UK: Faith Tavengwa – How losing both parents to Covid within days made her carry on helping others

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By Gilbert Nyambabvu

BIRMINGHAM: A year ago this month, UK-based healthcare professional Faith Tavengwa suffered a double blow from which she is yet to fully recover.

Her mother succumbed to the Covid-19 pandemic in Zimbabwe and, two days later, her husband, Faith’s dad, also passed on due to this global pandemic which has now claimed more than 6 million people according to the World Health Organisation.

Her parents were the bedrock of an initiative she had started barely 8 months earlier, the Faith Tavengwa Foundation, which helps to empower struggling girls and women in Zimbabwe by paying school fees, donating sanitary health products and assisting with basic food stuffs.

“I wanted to give up, at that time because I did not know who else to rely on after my parents died,” Faith told in a recent interview.

“When I started, they helped me so much. They found the beneficiaries for me and used to be the ones who would deliver packages to them every three months.

“Just days before my parents died, they had delivered packages, including wheelchairs to three of our disabled girls which were contributed by another charity.”

And it was remembering how passionate her parents were about the work of the foundation which made Faith decide to carry on.

She also knew that’s what they would have wanted.

“Sure enough, my mother came to me in a dream and told me to continue and not give up on our beneficiaries,” she added.

Born in Zimbabwe, Faith has lived in the UK for some 20 years. Besides her work as a public health professional, she is also a published author, having written two books – ‘Tips For Young Women Before Settling Down’ and ‘What Women Really Want In A Man’.

“It is important that readers are well informed about what they need know and do when making life decisions – which might be getting married or having children later down the road and the importance of compatibility,” she said.

The books were inspired by her own life story as well as an abiding passion to empower girls and young women.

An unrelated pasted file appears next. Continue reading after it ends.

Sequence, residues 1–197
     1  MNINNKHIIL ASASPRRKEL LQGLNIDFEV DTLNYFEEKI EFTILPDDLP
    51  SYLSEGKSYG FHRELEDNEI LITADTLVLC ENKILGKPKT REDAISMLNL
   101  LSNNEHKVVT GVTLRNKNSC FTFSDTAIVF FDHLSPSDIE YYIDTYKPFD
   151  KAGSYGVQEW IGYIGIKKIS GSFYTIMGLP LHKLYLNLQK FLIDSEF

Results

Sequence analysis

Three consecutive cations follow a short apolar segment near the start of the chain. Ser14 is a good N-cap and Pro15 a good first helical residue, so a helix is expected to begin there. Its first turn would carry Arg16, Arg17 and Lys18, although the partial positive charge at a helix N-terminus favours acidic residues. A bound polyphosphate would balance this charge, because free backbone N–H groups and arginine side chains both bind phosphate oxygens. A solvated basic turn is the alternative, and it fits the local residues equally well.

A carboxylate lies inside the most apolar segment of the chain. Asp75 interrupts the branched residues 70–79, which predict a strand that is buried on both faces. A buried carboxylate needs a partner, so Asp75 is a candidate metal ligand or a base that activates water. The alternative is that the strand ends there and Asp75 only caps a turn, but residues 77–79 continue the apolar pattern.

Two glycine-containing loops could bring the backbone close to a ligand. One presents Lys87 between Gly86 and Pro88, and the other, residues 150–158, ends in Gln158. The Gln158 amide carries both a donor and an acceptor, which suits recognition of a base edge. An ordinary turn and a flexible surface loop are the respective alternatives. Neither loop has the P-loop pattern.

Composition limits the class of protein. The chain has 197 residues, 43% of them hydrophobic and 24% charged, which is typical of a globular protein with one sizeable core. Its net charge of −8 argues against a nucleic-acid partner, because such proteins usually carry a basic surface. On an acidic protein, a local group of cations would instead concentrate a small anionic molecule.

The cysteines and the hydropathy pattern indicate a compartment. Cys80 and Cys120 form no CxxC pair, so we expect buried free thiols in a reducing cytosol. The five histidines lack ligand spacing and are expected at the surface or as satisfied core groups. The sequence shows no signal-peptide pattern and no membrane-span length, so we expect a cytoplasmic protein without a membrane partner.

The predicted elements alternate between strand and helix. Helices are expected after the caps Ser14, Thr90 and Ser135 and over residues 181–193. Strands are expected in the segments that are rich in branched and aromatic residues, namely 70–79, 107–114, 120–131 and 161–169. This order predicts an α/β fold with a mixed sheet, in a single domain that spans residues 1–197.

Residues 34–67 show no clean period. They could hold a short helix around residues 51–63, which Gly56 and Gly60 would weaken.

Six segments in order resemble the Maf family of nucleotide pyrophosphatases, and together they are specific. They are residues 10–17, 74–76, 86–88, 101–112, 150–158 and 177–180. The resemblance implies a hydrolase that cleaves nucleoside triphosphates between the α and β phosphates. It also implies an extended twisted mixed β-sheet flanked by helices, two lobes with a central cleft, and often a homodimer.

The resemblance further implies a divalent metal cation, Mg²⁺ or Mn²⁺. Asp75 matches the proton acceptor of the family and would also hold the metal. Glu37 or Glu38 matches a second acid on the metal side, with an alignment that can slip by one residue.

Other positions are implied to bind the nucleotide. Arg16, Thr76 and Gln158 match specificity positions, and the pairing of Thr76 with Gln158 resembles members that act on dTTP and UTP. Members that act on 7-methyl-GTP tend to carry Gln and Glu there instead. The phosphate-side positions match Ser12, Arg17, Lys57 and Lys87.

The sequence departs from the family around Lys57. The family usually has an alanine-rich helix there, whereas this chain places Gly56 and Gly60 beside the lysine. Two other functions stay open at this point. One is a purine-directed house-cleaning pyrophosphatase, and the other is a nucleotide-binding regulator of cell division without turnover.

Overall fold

Faith said proceeds from the book sales are used to support the work of the foundation.

As a woman herself she says “I have seen how the lack of basic necessities can push women to make wrong decisions about their life.

“I am blessed myself as I never had to lack those basic necessities, therefore, I am grateful to God but I will not forget those who are less privileged.”

The foundation currently supports 18 girls and two women; supporting them to become skilled so that they can eventually live independent and fulfilling lives.

“Women are more vulnerable to abuse if they depend on anyone in their teens or adulthood. They end up resorting to selling their bodies just to acquire basic necessities,” said Faith.

The foundation is looking to reach out and support more girls and women as the need continues to grow with the ever challenging social and economic situation in Zimbabwe.

The foundation plans to build a facility that would be used as a place of refuge for struggling girls and women where they can be housed and supported including with skills development so that they can get back into society and live independent lives.

“These women will be empowered until they become independent and leave room for others,” said Faith.

“This place will also be a day centre for courses and for giving girls and women any support they need in life; a place where there is reliable support.”

As a self-funded initiative, the foundation welcomes donations from individuals and companies to help make a difference in the lives of young girls and women from disadvantaged backgrounds.

“The next drop off session for donations is on the 13th of August 2022 and you are invited  to be a part of it. Support a good cause and help empower girls and women,” said Faith.

Images of foundation beneficiaries;